I see why adding the delay to the error page is somewhat relevant but doesn't this also just add another layer to fool the script into thinking the site is an invalid target?What could be done to prevent this if the script takes into account that since the site is asp.net it's running the AES encryption that it ignores the timing of error pages and watches the redirection or lack of redirection as the response vector? If a script does this will that mean there's NO WAY to stop it?Edit: I accept the timing attack reduction but the error page part is what really seems bogus. This attack vector puts their data into viewstate. There's only 2 cases. Pass. Fail.
Either Fail, they're on a page and the viewstate does not contain their data. No matter what you do here there is no way to remove the fail case because the page just will never contain their inserted data unless they successfully cracked the key. This is why I can't justify the custom errors usage having ANY EFFECT AT ALL.Or Pass, they're on a page and the viewstate contains their inserted data.Summary of this vulnerability
The cipher key from the WebResoure.axd / ScriptResource.axd is taken and the first guess of the validation key is used to generate a value of potential key with the ciphered text.This value is passed to the WebResource.axd / ScriptResource.axd at this point if the decryption key was guessed correctly their response will be accepted but since the data is garbage that it's looking for the WebResource.axd / ScriptResource.axd will return a 404 error.If the decryption key was not successfully guessed it will get a 500 error for the padding invalid exception. At this point the attack application knows to increment the potential decryption key value and try again repeating until it finds the first successful 404 from the WebResource.axd / ScriptResource.axd
With custom errors switched off a user sees the following information
Validation of viewstate MAC failed. If this application is hosted by a Web Farm or cluster, ensure that <machineKey> configuration specifies the same validationKey and validation algorithm. AutoGenerate cannot be used in a cluster.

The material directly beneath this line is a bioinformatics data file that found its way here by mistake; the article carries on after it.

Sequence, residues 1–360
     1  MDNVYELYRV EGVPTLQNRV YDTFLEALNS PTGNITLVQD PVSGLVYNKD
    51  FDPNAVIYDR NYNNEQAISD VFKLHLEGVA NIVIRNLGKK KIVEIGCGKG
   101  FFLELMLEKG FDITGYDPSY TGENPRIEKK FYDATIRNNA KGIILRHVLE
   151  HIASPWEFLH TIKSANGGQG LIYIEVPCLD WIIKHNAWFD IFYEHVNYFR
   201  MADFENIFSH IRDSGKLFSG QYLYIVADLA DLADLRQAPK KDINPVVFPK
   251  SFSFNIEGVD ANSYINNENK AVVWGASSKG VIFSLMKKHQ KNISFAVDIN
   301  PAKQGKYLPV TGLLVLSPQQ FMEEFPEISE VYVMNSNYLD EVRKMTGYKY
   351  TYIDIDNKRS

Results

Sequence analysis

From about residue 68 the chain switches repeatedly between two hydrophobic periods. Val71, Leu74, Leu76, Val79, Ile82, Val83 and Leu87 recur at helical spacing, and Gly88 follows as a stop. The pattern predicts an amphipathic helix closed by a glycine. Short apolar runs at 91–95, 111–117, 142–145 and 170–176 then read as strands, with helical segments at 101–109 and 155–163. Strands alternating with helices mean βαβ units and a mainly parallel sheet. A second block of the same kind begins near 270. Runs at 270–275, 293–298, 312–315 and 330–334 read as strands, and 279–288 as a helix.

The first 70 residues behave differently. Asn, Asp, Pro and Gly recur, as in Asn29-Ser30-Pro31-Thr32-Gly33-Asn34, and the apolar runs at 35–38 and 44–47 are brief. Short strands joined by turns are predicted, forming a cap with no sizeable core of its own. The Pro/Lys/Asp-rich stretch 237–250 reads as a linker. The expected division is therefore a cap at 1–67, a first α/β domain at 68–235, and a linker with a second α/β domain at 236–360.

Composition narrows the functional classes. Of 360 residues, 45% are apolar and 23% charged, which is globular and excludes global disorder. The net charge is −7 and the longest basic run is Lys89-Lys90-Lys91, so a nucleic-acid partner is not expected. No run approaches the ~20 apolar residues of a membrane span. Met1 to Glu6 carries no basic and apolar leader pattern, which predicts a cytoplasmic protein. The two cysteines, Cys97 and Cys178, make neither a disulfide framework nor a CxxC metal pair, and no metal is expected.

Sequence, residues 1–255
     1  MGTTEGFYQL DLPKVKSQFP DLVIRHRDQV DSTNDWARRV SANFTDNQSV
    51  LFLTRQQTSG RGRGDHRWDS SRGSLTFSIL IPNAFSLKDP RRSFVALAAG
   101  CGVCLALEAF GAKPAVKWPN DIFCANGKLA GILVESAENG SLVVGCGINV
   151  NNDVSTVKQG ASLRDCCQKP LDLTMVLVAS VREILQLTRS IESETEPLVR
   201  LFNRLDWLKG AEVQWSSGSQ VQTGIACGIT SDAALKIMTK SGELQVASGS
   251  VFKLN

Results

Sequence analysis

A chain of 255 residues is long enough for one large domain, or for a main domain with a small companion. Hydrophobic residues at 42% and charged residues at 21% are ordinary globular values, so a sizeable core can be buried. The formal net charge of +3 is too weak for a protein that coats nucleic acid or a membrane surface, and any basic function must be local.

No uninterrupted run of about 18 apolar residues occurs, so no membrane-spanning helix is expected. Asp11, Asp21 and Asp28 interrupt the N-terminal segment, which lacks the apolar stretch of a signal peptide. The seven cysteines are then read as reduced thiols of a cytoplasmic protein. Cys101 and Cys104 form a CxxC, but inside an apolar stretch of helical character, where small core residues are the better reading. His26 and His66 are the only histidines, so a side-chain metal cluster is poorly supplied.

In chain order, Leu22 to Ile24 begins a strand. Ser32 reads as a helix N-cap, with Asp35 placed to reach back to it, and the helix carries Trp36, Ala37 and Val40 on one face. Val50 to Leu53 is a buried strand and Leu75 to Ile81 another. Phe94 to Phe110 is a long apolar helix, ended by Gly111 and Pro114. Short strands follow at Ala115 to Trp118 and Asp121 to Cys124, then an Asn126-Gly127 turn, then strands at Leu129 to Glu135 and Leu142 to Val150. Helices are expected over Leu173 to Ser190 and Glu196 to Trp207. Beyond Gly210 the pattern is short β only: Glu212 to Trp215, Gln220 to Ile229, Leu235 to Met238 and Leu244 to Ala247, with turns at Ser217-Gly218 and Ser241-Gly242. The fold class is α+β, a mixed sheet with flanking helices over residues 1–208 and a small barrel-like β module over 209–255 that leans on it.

Description: An unhandled exception occurred during the execution of the current web request. Please review the stack trace for more information about the error and where it originated in the code.
Exception Details: System.Web.HttpException: Validation of viewstate MAC failed. If this application is hosted by a Web Farm or cluster, ensure that <machineKey> configuration specifies the same validationKey and validation algorithm. AutoGenerate cannot be used in a cluster.
An unhandled exception was generated during the execution of the current web request. Information regarding the origin and location of the exception can be identified using the exception stack trace below.
[HttpException (0x80004005): Validation of viewstate MAC failed. If this application is hosted by a Web Farm or cluster, ensure that <machineKey> configuration specifies the same validationKey and validation algorithm. AutoGenerate cannot be used in a cluster.]
I ran into this problem using EF4 and a self-referential table (implementing an adjacency list hierarchy). NOTE: not a many-to-many reference, just a one-to-many on a single table. Attempts to resolve an intermittent InvalidOperationException ("...The ObjectContext might be in an inconsistent state...") using Context.Refresh fail due to an apparent bug in EF4. I saw, from following Shimmy's connect.microsoft.com link, on the aforementioned post, that the bug is still outstanding. Can anyone recommend a workaround? What do you do if your database and Entity Framework get out of sync?
When I get the InvalidOperationException and the message says "The changes to the database were committed successfully...", it is not true. They weren't. I tried to change an object's ParentId from 1 to null (ParentId of type int?). My object's ParentId attribute is correctly changed to the expected value (null). I call Context.SaveChanges(). Then, the exception is thrown. I check the DB, and the value has not been updated. In this case, ParentId is still 1 in the database...................